By Phil Corso & Elana Glowatz
For the second time in the last couple of weeks, a plane with engine problems made an emergency landing on the North Shore.
The Suffolk County Police Department said a passenger plane flying into Republic Airport in Farmingdale on Saturday afternoon experienced engine failure while flying at 2,000 feet. The pilot, who was with his daughter and returning from visiting colleges, deployed the plane’s parachute at 1,500 feet before crash-landing at an industrial park in Hauppauge.
According to police, after the plane landed just feet from a building on Marcus Boulevard, the pilot pulled his passenger out of the plane. Police said both father and daughter refused medical attention.
The crash-landing happened exactly two weeks after another in Suffolk County, which occurred when a small plane carrying four people experienced engine trouble and went down in Setauket Harbor near Poquott. That incident did not end as safely.
The Piper PA-28, which had taken off from Fitchburg, Mass., and was heading for Republic Airport in Farmingdale, went down on the night of Feb. 20. All four people exited the plane into the water, police said, but only three were rescued. Authorities are still searching for the fourth passenger, 23-year-old Queens man Gerson Salmon-Negron.
The county police said its marine bureau has been out on the water daily, weather permitting, during daylight hours in search of the man both via the surface on boats and using side scan sonar to scan the floor of the water.
At the time the plane was having engine trouble, a student pilot identified as 25-year-old Bronx resident Austricio Ramirez was flying it and turned over the controls to his instructor, 36-year-old Queens resident Nelson Gomez.
Wady Perez, a 25-year-old from Queens, was identified as the other man rescued from the water that night.
Suffolk police were receiving help from the Federal Aviation Administration, the National Transportation Safety Board, the U.S. Coast Guard, local fire departments and the town harbormaster in the rescue, missing person search and investigation in that February incident.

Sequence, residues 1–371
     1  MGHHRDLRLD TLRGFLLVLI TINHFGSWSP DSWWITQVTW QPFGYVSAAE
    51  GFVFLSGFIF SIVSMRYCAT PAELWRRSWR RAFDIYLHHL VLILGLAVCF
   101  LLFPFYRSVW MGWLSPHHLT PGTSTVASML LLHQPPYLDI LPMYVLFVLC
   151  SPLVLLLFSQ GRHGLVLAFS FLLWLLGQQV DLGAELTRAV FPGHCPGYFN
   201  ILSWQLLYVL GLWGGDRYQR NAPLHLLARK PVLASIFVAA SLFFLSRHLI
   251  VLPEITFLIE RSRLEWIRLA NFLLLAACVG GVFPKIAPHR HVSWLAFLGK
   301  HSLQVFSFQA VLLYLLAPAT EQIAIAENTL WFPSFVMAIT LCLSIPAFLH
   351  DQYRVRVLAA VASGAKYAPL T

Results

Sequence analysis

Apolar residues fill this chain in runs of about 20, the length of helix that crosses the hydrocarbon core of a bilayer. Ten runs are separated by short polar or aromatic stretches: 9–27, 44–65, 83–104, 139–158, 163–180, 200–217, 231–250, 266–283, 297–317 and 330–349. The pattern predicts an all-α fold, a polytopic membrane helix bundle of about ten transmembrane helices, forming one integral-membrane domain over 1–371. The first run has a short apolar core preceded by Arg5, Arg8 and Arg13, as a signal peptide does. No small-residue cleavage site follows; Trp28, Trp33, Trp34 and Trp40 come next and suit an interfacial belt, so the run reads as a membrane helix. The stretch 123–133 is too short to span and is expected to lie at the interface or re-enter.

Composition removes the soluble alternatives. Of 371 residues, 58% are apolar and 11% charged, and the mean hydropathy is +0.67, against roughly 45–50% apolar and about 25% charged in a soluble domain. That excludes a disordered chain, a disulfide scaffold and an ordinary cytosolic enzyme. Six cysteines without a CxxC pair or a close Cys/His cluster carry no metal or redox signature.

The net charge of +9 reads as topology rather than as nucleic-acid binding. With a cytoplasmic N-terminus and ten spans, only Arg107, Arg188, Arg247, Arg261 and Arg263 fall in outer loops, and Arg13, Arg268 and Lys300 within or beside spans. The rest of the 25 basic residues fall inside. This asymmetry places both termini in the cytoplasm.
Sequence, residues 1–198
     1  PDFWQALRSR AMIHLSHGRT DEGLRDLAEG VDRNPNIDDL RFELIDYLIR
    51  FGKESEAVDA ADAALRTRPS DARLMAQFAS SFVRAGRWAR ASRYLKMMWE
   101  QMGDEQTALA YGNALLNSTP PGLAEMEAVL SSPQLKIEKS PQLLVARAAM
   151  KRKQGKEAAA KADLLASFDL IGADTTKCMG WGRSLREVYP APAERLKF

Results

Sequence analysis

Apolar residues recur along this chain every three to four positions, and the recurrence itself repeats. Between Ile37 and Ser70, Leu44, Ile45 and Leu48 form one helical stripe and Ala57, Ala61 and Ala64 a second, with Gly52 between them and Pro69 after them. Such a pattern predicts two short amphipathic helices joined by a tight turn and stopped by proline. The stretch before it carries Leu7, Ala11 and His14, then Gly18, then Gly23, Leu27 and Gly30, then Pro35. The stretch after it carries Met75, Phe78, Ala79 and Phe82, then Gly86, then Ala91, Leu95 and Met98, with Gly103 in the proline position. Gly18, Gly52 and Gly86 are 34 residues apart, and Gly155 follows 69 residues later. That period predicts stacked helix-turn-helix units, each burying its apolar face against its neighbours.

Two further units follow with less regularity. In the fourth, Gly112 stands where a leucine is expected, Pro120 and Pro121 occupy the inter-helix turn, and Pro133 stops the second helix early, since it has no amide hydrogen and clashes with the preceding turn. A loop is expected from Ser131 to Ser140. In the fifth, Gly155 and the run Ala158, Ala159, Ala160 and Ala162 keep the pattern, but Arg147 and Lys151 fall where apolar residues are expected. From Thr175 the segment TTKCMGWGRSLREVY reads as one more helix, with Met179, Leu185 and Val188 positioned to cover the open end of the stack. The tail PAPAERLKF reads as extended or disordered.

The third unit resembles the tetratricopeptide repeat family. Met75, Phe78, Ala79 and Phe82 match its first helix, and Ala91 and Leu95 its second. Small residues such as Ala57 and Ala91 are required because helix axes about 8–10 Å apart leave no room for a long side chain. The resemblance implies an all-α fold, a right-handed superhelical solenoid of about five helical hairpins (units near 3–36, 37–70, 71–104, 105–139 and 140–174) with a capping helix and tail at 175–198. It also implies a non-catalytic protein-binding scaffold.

In a report released this week, the NTSP said that aircraft reported low amounts of fuel and had been operated for about five hours since its tank was last filled. The report said the plane’s engine “sputtered” as it approached the Port Jefferson area, spurring the flight instructor to turn on the electric fuel pump and instructing his student pilot to switch the fuel selector to the plane’s left fuel tank as it flew at around 2,000 feet. The sputtering stopped, but started up again about three minutes later, the NTSB said, and then lost power.
That was when the pilot instructor took control of the plane and tried heading to the shoreline, where he believed the plane could safely land, the NTSB report said. But the pilot was unable to see the shoreline due to the darkness and could only guess where the shoreline began by the lights inside of nearby houses, the report said.
He held the plane off of the water for as long as he could before touching down and instructing everyone to grab a life vest and exit the plane, the NTSB said. Neither the student pilot nor the passengers, however, were wearing life vests when they exited the plane, the report said. Emergency personnel were on the scene within minutes and rescued three of the four men.
The airplane floated in the water for about five minutes before sinking nose-first to the bottom of the harbor, the NTSB said.